Reflections from Clay Libolt
Picture of Mt Baker
Dear readers, my posts are divided into five streams available in the menu at the tops and bottoms of the pages. The latest addition is a page from the “Theses on Denominational Life” posts. I also have pages from my Biblical Reflections (biblical studies of various sorts), Thoughts and Reflections (one off musings), Riffs on Genesis (studies of the Genesis materials), and the original posts in response to the report of a denominational study committee on human sexuality with which I began this blog. As always, the latest posts also appear on the home page. I hope in all of that you will find something that fits your fancy. Thanks for reading.
The latest posts:
I have been meaning to write this piece for some time, but other topics keep coming in the way. And cultural events like the Barbenheimer movies, movies which frame a mood in America, a taking stock of the ebbing era of American power. In their own way, both Barbie and Oppenheimer deal with the loss of innocence, happily so…
The Nicodemus Problem The church has a Nicodemus problem. Perhaps you remember the fraught dialogue between Jesus and Nicodemus in John 3:1-21. Nicodemus, introduced in the story as a Pharisee and one of the “rulers of the Jews,” politely approaches Jesus as a miracle worker, presumably leading up to some theological question or challenge, but…
“Without reservation” The church order of the Christian Reformed Church (CRC) in a supplement to Article 5 includes some instructions about what one should consider when signing the Covenant for Officebearers. The Covenant, for those of you who are not familiar with the CRC, is a document that office holders in the denomination are required…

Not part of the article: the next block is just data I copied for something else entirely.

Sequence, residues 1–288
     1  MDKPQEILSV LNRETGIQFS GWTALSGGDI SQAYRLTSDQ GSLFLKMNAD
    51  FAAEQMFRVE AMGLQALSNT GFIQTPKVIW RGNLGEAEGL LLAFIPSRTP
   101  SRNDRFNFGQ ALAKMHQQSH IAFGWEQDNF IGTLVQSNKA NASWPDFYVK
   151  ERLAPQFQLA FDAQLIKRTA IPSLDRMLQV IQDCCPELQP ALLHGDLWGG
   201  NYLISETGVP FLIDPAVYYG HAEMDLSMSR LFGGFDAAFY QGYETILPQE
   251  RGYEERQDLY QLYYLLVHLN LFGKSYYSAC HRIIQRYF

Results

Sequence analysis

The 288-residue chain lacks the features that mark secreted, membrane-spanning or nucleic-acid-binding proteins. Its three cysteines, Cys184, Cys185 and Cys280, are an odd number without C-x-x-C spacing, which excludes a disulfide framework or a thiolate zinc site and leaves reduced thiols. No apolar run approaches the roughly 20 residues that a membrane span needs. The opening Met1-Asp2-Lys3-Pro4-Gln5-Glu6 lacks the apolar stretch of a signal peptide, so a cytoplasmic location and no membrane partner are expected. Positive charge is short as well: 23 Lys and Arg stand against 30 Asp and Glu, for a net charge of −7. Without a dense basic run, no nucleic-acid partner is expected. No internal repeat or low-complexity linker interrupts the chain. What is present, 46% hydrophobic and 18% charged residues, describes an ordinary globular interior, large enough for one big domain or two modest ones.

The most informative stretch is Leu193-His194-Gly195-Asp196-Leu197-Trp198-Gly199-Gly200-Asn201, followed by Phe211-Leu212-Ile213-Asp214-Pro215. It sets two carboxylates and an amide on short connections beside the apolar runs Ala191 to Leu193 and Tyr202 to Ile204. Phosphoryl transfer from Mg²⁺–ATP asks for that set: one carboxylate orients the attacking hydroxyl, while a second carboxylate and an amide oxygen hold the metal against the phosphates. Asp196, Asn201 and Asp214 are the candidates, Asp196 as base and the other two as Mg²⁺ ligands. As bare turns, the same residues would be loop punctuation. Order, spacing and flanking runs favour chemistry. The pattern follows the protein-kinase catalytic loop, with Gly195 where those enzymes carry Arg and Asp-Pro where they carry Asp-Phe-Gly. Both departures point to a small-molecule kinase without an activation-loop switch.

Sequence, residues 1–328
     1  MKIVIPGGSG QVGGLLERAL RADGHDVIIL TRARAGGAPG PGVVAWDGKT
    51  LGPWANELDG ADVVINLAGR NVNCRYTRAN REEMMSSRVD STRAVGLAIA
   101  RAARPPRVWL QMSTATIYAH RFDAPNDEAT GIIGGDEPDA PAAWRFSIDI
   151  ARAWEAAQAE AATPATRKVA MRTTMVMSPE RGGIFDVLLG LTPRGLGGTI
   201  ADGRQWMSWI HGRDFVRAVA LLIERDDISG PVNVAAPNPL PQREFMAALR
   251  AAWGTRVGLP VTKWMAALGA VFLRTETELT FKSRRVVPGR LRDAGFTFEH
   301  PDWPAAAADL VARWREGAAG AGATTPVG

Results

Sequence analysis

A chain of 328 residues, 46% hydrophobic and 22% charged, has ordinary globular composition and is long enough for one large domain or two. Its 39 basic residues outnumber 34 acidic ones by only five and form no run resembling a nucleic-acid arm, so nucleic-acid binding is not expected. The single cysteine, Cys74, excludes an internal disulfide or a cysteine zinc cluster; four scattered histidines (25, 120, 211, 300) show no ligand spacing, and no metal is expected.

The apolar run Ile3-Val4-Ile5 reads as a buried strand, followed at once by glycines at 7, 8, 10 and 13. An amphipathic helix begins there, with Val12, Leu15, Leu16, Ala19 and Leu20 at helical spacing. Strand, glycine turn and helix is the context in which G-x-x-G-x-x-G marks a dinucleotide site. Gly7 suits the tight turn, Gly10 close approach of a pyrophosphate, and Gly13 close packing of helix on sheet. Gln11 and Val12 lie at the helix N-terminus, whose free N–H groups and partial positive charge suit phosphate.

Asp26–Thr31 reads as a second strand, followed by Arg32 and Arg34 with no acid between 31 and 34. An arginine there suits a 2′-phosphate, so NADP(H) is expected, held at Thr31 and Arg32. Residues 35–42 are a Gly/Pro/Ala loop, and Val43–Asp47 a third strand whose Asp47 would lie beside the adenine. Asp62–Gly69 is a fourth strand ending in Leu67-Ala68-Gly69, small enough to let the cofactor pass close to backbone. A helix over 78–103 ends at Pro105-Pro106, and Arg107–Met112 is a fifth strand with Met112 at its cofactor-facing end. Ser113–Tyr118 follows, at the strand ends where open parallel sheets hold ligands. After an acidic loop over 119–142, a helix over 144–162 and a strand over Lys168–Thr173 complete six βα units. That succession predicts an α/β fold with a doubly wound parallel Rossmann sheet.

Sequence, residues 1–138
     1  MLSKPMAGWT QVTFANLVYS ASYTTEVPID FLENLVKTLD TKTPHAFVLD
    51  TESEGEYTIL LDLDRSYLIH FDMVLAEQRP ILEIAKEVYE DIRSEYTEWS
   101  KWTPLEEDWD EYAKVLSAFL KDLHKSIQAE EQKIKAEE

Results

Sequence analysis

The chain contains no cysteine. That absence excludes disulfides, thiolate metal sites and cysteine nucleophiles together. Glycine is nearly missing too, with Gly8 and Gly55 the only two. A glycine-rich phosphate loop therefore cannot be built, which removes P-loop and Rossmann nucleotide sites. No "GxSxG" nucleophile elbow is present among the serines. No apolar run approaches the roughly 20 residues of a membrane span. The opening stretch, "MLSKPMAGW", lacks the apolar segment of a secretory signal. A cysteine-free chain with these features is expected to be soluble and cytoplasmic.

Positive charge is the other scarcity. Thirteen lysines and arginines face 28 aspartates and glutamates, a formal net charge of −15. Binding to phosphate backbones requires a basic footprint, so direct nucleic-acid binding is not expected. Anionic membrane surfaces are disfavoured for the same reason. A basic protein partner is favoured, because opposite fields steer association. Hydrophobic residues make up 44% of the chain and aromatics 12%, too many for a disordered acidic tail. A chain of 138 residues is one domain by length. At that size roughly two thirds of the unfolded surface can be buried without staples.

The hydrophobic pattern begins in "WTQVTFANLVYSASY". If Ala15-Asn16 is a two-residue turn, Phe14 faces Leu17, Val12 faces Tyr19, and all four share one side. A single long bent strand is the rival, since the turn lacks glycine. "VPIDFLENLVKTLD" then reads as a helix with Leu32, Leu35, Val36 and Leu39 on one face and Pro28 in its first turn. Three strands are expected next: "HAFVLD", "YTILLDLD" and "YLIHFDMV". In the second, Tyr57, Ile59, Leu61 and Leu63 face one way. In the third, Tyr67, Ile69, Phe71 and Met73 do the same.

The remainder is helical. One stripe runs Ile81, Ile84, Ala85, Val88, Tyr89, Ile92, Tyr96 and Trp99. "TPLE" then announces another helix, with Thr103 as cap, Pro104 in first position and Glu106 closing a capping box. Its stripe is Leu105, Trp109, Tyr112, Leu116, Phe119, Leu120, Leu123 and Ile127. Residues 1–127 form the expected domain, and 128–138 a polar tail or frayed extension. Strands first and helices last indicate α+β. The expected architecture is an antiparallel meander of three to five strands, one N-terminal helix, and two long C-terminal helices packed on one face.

I am a retired pastor living in the Pacific Northwest (and sometimes in Arizona). Actually, I’m intermittently retired. Since my retirement, I’ve served as interim pastor four times in three churches (one twice) and once as a high school principal. I have launched this website and the accompanying blog because I love the Bible and because I believe what’s best about the Bible is often lost in the theological welter of our age. I bring to this task and to this love not only seminary training (Calvin Theological Seminary) but a Ph.D. in Ancient Middle Eastern Studies from the University of Michigan. You may at first find my approach to the Bible different from the approach you were taught–more literary, more embedded in ancient culture–but press on. There is much to be gained and little to be lost by reading the Bible in this way.